(Bloomberg) -- Enbridge Inc. Chief Executive Officer Greg Ebel said the company’s oil pipeline business has plenty of growth opportunities, with output from both the Permian Basin and western Canada poised to expand in the years ahead.
Permian output may expand by 2 million barrels a day, and Enbridge’s Ingleside export terminal is poised to benefit from those gains, Ebel said in an interview in Toronto this week.
Output from western Canada may increase by roughly 500,000 barrels this decade, and optimizations on the company’ Mainline system — as well as other projects — will help it capture that growth, he said.
“In the pipeline business, we tend to look out 10, 15, 20 years, and I think all those pipes are going to be needed and then some,” Ebel said of western Canada. “I think it’s overstated, this idea that we’ve got plenty of pipes.”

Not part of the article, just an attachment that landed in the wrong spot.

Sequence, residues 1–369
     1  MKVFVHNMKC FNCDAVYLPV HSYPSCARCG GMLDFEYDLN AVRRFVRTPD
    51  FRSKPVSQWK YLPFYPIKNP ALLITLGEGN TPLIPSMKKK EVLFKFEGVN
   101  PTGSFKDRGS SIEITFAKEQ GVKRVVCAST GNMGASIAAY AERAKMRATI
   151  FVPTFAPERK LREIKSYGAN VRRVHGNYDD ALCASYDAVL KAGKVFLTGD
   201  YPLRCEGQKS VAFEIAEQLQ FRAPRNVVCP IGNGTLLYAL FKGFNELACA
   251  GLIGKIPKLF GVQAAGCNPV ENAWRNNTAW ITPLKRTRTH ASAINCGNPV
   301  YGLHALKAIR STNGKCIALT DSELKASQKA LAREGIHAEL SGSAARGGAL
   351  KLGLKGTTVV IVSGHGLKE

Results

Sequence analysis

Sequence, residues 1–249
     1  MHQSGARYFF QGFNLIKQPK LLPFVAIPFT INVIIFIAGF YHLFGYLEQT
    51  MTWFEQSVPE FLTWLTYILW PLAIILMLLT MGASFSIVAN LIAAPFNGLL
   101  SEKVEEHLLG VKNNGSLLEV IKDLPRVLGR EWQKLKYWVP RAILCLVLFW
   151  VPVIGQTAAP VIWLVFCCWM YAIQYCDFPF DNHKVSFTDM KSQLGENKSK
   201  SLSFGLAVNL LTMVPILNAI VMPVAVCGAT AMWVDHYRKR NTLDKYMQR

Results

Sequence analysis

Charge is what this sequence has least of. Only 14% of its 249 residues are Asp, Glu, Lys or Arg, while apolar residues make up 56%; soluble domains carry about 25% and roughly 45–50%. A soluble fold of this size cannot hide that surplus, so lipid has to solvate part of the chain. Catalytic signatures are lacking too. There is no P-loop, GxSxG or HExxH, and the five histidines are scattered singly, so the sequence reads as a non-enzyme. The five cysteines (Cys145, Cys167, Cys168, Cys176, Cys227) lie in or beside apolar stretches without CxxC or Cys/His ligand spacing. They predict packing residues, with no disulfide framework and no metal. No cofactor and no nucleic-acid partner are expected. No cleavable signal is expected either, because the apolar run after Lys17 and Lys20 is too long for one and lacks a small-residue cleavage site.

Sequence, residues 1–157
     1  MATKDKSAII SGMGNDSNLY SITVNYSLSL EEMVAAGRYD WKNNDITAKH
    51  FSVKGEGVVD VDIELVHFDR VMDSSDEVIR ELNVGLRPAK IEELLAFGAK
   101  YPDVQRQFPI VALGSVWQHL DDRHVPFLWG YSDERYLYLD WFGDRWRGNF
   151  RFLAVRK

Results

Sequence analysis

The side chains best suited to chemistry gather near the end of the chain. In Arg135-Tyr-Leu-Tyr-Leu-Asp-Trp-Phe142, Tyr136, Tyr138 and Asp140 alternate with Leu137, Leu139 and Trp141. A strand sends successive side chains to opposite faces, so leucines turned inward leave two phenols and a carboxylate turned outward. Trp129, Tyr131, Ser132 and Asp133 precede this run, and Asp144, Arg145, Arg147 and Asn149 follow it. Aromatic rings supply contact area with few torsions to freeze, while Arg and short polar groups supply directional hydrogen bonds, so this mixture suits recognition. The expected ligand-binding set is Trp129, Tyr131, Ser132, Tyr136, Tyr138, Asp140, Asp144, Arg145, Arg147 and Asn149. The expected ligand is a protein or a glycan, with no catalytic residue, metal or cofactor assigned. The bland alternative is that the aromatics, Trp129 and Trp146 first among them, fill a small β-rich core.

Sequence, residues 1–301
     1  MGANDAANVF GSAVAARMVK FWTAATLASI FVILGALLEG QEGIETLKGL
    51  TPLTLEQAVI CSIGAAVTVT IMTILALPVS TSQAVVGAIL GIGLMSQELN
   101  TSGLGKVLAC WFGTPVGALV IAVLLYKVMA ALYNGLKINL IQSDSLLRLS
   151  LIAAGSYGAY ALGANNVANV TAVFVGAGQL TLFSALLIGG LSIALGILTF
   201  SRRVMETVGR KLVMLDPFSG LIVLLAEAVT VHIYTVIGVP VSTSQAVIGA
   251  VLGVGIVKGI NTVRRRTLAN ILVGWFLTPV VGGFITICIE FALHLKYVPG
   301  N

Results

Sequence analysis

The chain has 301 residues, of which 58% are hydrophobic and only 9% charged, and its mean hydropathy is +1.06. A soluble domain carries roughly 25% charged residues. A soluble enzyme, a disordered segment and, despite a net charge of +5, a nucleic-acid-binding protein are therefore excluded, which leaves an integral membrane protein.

The comments hit back at concerns about weaker growth in Enbridge’s liquids unit — which accounted for almost 60% of its adjusted earnings last year — that have weighed on the company’s shares and reduced analysts’ enthusiasm for the stock. Of the analysts that cover Enbridge, only 48% rate the shares a buy. That’s down from 56% last year and 85% two years ago.
Enbridge has slid 9.3% in the past 12 months, trailing the 4% drop for the S&P/TSX energy index but outperforming the 25% decline for rival TC Energy Corp.
The main obstacle for expanding both the liquids and natural gas businesses is the difficulty of obtaining permits for new pipelines, Ebel said.
“It’s hard for me to imagine a brand new greenfield pipe getting done very easily under the current conditions in Canada, and in some respects in the United States,” Ebel said. “Permitting drags out so long, has such uncertain timeframes, that customers generally won’t sign up.”
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